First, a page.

**Q2: **

What is the change in energy of a -kg payload taken from rest at the surface of Earth and placed at rest on the surface of the Moon?

- A J
- B J
- C J
- D J
- E J

**Q3: **

A cat’s crinkle ball toy of mass of 15 g is thrown straight up with an initial speed of 3.0 m/s. Assume in this problem that air drag is negligible.

What is the kinetic energy of the ball as it leaves the hand?

How much work is done by the gravitational force during the ball’s rise to its peak?

What is the change in the gravitational potential energy of the ball during the rise to its peak?

If the gravitational potential energy is taken to be zero at the point where the ball leaves the hand, what is the gravitational potential energy when it reaches the maximum height?

If the gravitational potential energy is taken to be zero at the maximum height the ball reaches, what would the gravitational potential energy be when it leaves the hand?

What is the maximum height the ball reaches?

**Q4: **

A person of mass 62.0 kg climbs stairs, moving 1.14 m vertically upward. Find the work done by the person.

**Q5: **

An elevator car of mass kg is pulled 40.0 m vertically upward at constant speed by its cable. An average friction force of 100 N resists the motion of the elevator car.

What work is done on the elevator car by the cable?

What work is done on the elevator car by the force of gravity?

What is the total work done on the elevator car?

**Q6: **

A cruise ship is docked in a harbour. The level of the dock is 2.15 m above the water line. A woman on the cruise ship stands on a deck 55.5 m above the water line. She pushes a 36.0-g-mass pebble off the deck. A man standing on the dock holds out a net 1.20 m above the top of the dock and catches the pebble in the net. Assume that vertically upward motion corresponds with positive displacement.

How much work is done by gravity on the pebble?

How much does the gravitational potential energy of the pebble change?

Taking gravitational potential energy at the water line to be zero, what is the gravitational potential energy of the pebble on the deck of the cruise ship?

Taking gravitational potential energy at the water line to be zero, what is the gravitational potential energy of the pebble when it is caught in the net?

Taking gravitational potential energy at the water line to be 21.5 J, what is the gravitational potential energy of the pebble on the deck of the cruise ship?

Taking gravitational potential energy at the water line to be 21.5 J, what is the gravitational potential energy of the pebble when it is caught in the net?

**Q7: **

Suppose a 350 g kookaburra (a large kingfisher bird) picks up a 75 g snake and raises it 2.5 m from the ground to a branch.

How much work did the bird do on the snake?

How much work did the bird do to raise its own center of mass to the branch?

**Q8: **

The Great Pyramid of Giza has a mass of kg, and its center of mass is 34.7 m above the surrounding ground. How much gravitational potential energy is stored in the pyramid?

- A J
- B J
- C J
- D J
- E J

**Q9: **

A hydroelectric power facility converts the
gravitational potential energy of water behind a dam to electric energy. What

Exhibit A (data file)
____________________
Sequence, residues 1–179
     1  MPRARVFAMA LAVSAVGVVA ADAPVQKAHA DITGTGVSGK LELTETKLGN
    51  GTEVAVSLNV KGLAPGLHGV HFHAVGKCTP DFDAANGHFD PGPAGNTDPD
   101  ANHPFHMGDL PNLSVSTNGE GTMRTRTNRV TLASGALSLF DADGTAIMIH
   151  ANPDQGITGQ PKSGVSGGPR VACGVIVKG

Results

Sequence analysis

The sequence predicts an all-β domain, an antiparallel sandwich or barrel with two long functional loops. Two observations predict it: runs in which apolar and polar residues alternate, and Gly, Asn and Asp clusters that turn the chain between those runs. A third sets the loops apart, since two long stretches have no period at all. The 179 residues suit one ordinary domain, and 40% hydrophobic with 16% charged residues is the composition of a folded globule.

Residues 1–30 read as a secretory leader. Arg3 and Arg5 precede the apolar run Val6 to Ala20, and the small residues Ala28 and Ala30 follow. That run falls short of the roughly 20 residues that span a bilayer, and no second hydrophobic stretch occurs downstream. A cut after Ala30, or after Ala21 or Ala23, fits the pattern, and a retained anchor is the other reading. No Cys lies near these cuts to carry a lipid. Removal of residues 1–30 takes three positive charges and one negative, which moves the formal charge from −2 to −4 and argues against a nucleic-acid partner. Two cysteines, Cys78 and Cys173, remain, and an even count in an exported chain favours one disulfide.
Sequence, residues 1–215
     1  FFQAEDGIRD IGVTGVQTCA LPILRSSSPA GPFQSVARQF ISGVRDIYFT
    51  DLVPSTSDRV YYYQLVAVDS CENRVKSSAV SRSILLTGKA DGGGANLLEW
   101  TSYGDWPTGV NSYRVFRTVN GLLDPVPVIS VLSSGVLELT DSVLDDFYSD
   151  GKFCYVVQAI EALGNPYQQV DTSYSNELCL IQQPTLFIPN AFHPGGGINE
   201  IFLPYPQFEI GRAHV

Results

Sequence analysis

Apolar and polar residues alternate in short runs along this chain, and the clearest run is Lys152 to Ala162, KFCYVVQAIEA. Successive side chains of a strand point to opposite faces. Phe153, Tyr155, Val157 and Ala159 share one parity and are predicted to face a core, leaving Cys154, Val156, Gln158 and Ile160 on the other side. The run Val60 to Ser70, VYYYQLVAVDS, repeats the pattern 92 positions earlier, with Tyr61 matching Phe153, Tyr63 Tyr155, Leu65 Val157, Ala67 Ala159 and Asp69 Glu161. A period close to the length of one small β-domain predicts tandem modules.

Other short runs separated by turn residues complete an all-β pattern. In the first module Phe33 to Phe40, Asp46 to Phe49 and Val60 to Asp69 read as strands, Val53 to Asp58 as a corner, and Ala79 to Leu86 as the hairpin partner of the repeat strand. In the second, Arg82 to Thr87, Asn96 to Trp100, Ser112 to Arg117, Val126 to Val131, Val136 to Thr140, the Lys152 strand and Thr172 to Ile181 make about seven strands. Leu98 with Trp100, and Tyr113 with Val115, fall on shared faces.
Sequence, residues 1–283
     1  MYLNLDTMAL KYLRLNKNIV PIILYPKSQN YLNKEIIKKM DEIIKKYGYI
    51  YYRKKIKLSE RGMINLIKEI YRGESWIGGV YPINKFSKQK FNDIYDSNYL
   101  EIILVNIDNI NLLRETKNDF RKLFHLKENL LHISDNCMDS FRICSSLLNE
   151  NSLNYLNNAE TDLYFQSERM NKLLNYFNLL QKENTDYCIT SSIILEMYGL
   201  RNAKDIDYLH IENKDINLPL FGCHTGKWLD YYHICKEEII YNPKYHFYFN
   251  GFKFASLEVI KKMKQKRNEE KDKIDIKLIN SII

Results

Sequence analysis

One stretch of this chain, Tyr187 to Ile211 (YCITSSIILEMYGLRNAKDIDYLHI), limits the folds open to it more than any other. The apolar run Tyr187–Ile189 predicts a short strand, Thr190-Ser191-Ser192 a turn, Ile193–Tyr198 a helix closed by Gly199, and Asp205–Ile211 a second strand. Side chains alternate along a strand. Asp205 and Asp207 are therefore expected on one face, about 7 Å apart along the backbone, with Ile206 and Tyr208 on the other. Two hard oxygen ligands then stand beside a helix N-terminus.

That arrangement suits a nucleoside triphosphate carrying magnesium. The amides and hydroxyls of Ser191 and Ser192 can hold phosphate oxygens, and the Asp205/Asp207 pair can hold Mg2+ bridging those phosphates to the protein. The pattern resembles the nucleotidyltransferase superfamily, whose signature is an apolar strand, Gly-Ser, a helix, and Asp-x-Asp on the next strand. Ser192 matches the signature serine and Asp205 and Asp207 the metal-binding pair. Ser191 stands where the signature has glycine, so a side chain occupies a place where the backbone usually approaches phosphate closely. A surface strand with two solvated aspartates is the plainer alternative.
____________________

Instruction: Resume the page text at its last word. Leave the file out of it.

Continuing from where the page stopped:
is the gravitational potential energy relative to the generators of a lake of
volume 50.0 km^{3} and a mass of kg, given that the lake has
an average height of 40.0 m above the generators?

- A
- B
- C
- D
- E

**Q10: **

There is a 250 m high cliff at Half Dome in Yosemite National Park in California. Suppose a boulder breaks loose from the top of this cliff.

How fast will it be going when it strikes the ground?

Assuming a reaction time of 0.300 s, how long a time will a tourist at the bottom have to get out of the way after hearing the sound of the rock breaking loose (neglecting the height of the tourist, which would become negligible anyway if hit)? The speed of sound is 335.0 m/s on this day.

**Q11: **

The awe-inspiring Great Pyramid of Giza was built more than 4 500 years ago. Its square base, originally 230 m on a side, covered 13.1 acres and was 146 m high, with a mass of about kg. (The pyramid’s dimensions are slightly different today due to quarrying and some sagging.) Historians estimate that 20 000 workers spent 20 years to construct it, working 12 hours per day and 330 days per year.

Calculate the gravitational potential energy stored in the pyramid, given its center of mass is at one-fourth its height.

- A J
- B J
- C J
- D J
- E J

Only a fraction of the workers lifted blocks; most of them were involved in support services, such as building ramps, bringing food and water, and hauling blocks to the site. Calculate the efficiency of the workers who did the lifting, assuming there were 1 000 of them and they consumed food energy at the rate of 300 kcal/h. Use a value of 4 184 for the number of joules per kilocalorie.

- A2.51%
- B5.26%
- C1.82%
- D14.4%
- E11.5%

Calculate the mass of food that had to be supplied each day, assuming that the average worker required 3 600 kcal per day and that their diet was 5% protein, 60% carbohydrate, and 35% fat. 1 g of protein contains approximately 4.10 kcal, 1 g of carbohydrate contains approximately 4.10 kcal, and 1 g of fat contains approximately 9.30 kcal.

- A kg
- B kg
- C kg
- D kg
- E kg